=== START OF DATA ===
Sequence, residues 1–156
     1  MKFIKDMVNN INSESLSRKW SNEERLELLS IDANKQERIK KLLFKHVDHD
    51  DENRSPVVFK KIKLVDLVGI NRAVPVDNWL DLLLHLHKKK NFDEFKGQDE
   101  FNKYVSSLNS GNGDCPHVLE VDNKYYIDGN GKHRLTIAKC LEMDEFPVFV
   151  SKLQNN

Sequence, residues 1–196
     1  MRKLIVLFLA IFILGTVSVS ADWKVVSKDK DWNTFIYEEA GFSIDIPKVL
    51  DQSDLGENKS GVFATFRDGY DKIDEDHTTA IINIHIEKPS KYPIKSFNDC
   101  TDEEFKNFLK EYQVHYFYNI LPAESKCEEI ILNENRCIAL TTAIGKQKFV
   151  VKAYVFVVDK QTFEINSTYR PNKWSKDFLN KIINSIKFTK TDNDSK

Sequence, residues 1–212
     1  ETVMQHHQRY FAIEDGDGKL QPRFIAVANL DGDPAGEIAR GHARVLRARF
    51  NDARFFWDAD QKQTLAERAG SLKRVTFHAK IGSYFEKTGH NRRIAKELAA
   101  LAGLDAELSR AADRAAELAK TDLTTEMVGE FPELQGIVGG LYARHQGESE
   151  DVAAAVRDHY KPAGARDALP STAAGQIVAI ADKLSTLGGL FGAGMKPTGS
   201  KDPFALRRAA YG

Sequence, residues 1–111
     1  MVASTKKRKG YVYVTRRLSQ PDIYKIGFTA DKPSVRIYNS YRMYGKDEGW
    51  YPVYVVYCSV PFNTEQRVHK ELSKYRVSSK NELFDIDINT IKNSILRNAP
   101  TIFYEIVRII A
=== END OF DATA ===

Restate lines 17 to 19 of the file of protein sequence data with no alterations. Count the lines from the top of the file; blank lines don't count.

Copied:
Sequence, residues 1–111
     1  MVASTKKRKG YVYVTRRLSQ PDIYKIGFTA DKPSVRIYNS YRMYGKDEGW
    51  YPVYVVYCSV PFNTEQRVHK ELSKYRVSSK NELFDIDINT IKNSILRNAP